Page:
The stuff costs too much, and for no apparent reason. The MSRPs are just arbitrary. I was reading about an amp today that sells for or sold for 31,000 dollars. The specs were not as good as my 299.00 amp. Now I know what most of you will say about specs, but hell, we are speaking of 3oo dollars verus 31,000 dollars. Really? That is the basic problem with 'high-end' audio. You can't HEAR or SEE anything that justifies the prices being asked. It's a tough sell for the high end dealers and if you delete all the nonsense in this hobby, it's an impossible sell.
It's not the specs that matter as you are relating them. It is the R&D work, parts, construction, overhead, amount of units you expect to sell, market, etc. that establish the price. Specially made parts that costs way more than off the shelf parts. these all contribute to the price. I was told recently that Boulder markets their equipment, not really for the American consumer, but for overseas consumers that want huge, monsterously large American equipment. Therefore, they are constructed and sold that way for the overseas market. At least that is what I was told. Now, I do like Boulder equipment, but, yes, in my opinion, they are seriously overpriced. However, I can tell you that I can see and hear audible differences between low end and high end equipment. I'm not justifying the prices, but Take Boulder's $40,000 amp vs a $299 Yamaha low fi amp in a revealing system and there will be a jaw dropping difference in sound. The real question is what level of sound reproduction do you want? What makes a person want to get up from the listening chair and leave the room? Listener's fatigue? What causes it? On a good recording can you close your eyes and tell where the artists are on the stage? how large the stage is? dimensionality? space, depth? Or can you tell you are listening to speakers? is something or somethings missing? This to me is the difference between background music and actually listening to music. I enjoy music and music reproduction enough that I want a system that is as realistic as I can get.(that I can afford). this is why many of us upgrade a piece at a time until we are "there".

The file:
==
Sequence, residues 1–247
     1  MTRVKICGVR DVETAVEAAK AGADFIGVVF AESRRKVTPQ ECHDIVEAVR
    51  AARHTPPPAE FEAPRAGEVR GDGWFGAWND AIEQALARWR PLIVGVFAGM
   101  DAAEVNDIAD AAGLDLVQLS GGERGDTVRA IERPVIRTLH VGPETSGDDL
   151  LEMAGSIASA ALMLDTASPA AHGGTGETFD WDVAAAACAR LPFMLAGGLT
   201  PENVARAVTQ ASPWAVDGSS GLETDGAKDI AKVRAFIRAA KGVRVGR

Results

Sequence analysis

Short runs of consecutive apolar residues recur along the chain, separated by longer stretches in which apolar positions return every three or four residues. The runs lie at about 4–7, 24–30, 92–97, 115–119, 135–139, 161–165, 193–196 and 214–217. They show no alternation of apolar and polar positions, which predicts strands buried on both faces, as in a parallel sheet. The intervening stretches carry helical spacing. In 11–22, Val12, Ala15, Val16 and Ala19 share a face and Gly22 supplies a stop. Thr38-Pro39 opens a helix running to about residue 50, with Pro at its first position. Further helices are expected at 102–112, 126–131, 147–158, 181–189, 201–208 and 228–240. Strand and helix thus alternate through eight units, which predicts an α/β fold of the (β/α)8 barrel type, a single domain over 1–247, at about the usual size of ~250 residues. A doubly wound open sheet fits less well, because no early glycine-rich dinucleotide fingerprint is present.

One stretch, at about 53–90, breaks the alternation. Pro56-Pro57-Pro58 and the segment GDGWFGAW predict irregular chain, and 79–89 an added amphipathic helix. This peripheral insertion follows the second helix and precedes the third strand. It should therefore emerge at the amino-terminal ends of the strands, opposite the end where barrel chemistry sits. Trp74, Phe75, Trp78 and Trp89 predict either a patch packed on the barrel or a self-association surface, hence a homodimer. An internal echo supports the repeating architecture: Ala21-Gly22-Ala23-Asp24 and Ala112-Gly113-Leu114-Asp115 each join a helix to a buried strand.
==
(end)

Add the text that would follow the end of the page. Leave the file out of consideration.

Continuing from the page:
I think it was 90' or 91' when I went to hear the Mirage M1. I made it clear to the salesman that the M1 was not in my budget but want to upgrade my Sony cdp. The M1 room had Mark Levinson and Proceed gear. He told me not to touch the Proceed cdp that it's a $3k player, I replied that I was considering a Meridian. He mumbled "sure you are" so I knew this guy was an a**h***! He then said he had to make a phone call(lol). After 3 or 4 tracks played I was left waiting for at least 10 minutes. I decided to take matters in my own hands! I put on Abraxas raised the volume and couldn't believe the 3D/holographic sound the M1 created. By the time Black Magic Woman was playing 5 or 6 people were in the M1 demo room. He abruply stormed in the room and shut everything down and said "I have customers to take care of". The funny thing was everyone was in the M1 room, try selling those godawful $1000 speakers after they heard the M1's!!!
And to think, someone actually started a thread entitled 'why don't more people love audio'
In the early 80's I lived in Grand Rapids Michigan and wondered into Steketee's Audio (McIntosh dealer, among other things - long gone). I had always loved music, but knew nothing about the high end. I was poor and in my early 20s.

I'm an inquisitive guy and the salesmen there always took the time to answer my questions patiently. I would wonder in once or twice a week and they took to greeting me with "Hey John, you have to hear this..." Each time, showing me everything from new albums to new equipment at all different prices. The taught me a lot about audio and introduced me to a ton of new music.

Very quickly I was planning my purchases and started with a used cassette deck, followed by an integrated amp, new speakers, a turntable (cartridge, etc.) and a new, far more expensive cassette deck. Even when I moved away I went back to purchase a few more things. At the time I started buying from them, I was making less than $20k per year and I was spending $1-2k of it with them. Not a fortune by everyone's standards, but it was for me at the time - I would buy as much as my wife would allow.

Since that time I've probably spent over $150k more on equipment and countless thousands on records and CDs. I have two pretty high-end systems in my home and I've advised dozens of friends on their purchases.

The guys at Steketee's Audio knew what all good audio salespeople knew in those days. High End customers have to be grown, they don't just walk in off the street. Trust is built over time and life-long customers/audio enthusiasts aren't created overnight. Unfortunately, no one seems to take the long view any more.